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fluences of the sun, moon, and stars; the peopling of sea, air, and land with fish, fowl, and beast-all this was but the orderly fitting up and furnishing of earth for the habitation of man. But when we go back to his origin, we arrive at the true source of his dignity. "And God said, Let us make man in our image, after our likeness. ..... So God created man in his own image; in the image of God created he him." Now, God is a Spirit; and hence man, who is created in his image, is a spirit, having the faculties of understanding, will, and power; capable of penetrating into the nature and design of all things around him, of comprehending his own being and powers, and of apprehending and revering the eternal Author of his existence. When we contemplate, therefore, the grandeur and glory of man's original nature, we do not wonder that the earth and all its inhabitants were formed to be the sphere of his dominion, and that the sabbath itself, the weekly commemoration of the six days' creation, was also made for man.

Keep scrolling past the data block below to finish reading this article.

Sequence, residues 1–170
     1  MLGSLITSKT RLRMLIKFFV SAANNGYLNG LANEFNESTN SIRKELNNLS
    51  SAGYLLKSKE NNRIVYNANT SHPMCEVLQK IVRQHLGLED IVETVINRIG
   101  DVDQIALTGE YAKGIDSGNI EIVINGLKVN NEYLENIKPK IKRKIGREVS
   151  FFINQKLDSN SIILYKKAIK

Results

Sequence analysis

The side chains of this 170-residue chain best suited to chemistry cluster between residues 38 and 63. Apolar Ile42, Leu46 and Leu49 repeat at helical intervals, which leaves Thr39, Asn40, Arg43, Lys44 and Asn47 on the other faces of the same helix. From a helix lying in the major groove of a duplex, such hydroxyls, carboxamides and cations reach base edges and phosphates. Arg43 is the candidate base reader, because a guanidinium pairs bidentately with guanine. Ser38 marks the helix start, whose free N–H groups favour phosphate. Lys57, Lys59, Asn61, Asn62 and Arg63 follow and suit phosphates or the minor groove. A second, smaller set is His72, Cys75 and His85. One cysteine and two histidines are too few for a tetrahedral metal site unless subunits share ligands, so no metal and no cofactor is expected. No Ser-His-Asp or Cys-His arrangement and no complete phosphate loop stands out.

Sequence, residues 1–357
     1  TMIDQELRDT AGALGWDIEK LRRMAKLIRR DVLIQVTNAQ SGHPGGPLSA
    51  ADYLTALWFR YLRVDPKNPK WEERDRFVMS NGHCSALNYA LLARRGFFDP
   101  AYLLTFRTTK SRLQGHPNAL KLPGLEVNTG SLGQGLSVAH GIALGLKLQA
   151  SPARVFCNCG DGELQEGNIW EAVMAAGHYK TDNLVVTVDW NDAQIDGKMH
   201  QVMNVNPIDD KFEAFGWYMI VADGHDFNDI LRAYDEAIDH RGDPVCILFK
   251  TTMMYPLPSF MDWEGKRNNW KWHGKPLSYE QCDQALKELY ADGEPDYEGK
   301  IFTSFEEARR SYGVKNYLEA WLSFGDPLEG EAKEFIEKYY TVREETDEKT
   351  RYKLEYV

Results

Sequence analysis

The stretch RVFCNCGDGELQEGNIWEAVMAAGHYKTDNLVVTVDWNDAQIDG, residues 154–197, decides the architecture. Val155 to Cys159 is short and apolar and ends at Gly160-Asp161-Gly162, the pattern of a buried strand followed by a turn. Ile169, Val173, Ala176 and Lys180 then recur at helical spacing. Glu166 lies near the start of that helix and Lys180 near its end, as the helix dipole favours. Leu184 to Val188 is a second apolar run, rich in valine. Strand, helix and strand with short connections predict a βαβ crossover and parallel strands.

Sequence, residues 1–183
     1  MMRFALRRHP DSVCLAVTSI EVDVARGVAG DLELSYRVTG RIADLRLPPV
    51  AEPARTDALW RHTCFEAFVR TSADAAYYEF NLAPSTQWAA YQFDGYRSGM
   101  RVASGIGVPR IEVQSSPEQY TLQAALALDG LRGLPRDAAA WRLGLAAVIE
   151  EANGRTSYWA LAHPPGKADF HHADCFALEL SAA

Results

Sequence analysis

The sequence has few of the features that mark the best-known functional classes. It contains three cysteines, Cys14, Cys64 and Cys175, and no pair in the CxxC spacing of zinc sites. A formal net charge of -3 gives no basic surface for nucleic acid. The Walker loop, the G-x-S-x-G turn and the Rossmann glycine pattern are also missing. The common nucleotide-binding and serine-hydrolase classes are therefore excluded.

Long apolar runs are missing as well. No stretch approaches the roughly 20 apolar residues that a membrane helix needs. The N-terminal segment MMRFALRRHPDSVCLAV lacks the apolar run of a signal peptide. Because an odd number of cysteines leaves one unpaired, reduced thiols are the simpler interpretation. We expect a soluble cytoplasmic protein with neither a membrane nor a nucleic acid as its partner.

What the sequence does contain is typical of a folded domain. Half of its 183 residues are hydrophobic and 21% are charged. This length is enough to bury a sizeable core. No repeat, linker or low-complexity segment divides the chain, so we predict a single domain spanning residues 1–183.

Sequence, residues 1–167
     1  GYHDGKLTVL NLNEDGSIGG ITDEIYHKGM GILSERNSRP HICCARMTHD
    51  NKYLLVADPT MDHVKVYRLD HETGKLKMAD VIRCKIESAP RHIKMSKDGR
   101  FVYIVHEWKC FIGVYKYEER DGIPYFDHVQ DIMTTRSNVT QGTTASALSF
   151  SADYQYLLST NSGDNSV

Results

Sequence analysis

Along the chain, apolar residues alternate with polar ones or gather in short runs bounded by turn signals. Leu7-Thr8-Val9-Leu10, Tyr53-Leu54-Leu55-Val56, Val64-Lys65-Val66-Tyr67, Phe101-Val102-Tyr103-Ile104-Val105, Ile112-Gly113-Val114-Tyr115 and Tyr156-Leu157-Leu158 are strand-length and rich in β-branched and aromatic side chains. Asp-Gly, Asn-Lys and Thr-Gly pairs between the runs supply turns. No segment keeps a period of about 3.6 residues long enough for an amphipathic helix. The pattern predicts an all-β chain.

16. The next point that comes out in the consideration of this passage is the perpetuity of the sabbath. The sabbath was made for man by him who made man, and knew his inmost nature and real wants. While, therefore, man exists as he is, the sabbath must coexist with him. It was not an expedient, adopted for a particular phase of his being, or called into existence by a special emergency, or framed to be part of a peculiar economy designed for a chosen race. It was an institution made for man at the origin of his being, antecedent to the fall, the propagation of his race, the dispersion of his posterity throughout the earth, and the formation of the nations and polities of after times. Hence it is manifest that the sabbath is to last as long as man. He who made man knew his whole nature, the whole course of his development, the laws by which it was regulated, and the results to which it tended; and he made the sabbath for Hence the sabbath is simply as perpetual as the race. Hence it finds its place in the ten commandments, which are a compend of the moral law adapted in its present form